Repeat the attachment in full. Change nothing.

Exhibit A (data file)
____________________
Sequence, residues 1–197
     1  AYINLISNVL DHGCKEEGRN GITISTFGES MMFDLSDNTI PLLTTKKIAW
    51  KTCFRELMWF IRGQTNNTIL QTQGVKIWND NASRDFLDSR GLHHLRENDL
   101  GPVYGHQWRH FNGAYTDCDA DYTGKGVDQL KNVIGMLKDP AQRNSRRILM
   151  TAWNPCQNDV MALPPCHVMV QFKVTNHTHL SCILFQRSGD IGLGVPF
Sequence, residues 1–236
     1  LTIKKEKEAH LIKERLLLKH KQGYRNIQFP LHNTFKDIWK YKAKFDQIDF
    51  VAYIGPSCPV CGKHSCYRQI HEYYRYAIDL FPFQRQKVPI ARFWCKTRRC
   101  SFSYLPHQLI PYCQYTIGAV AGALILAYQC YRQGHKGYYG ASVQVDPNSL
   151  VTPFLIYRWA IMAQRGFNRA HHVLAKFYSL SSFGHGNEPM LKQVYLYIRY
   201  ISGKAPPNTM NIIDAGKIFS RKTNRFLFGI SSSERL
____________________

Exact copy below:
Sequence, residues 1–197
     1  AYINLISNVL DHGCKEEGRN GITISTFGES MMFDLSDNTI PLLTTKKIAW
    51  KTCFRELMWF IRGQTNNTIL QTQGVKIWND NASRDFLDSR GLHHLRENDL
   101  GPVYGHQWRH FNGAYTDCDA DYTGKGVDQL KNVIGMLKDP AQRNSRRILM
   151  TAWNPCQNDV MALPPCHVMV QFKVTNHTHL SCILFQRSGD IGLGVPF
Sequence, residues 1–236
     1  LTIKKEKEAH LIKERLLLKH KQGYRNIQFP LHNTFKDIWK YKAKFDQIDF
    51  VAYIGPSCPV CGKHSCYRQI HEYYRYAIDL FPFQRQKVPI ARFWCKTRRC
   101  SFSYLPHQLI PYCQYTIGAV AGALILAYQC YRQGHKGYYG ASVQVDPNSL
   151  VTPFLIYRWA IMAQRGFNRA HHVLAKFYSL SSFGHGNEPM LKQVYLYIRY
   201  ISGKAPPNTM NIIDAGKIFS RKTNRFLFGI SSSERL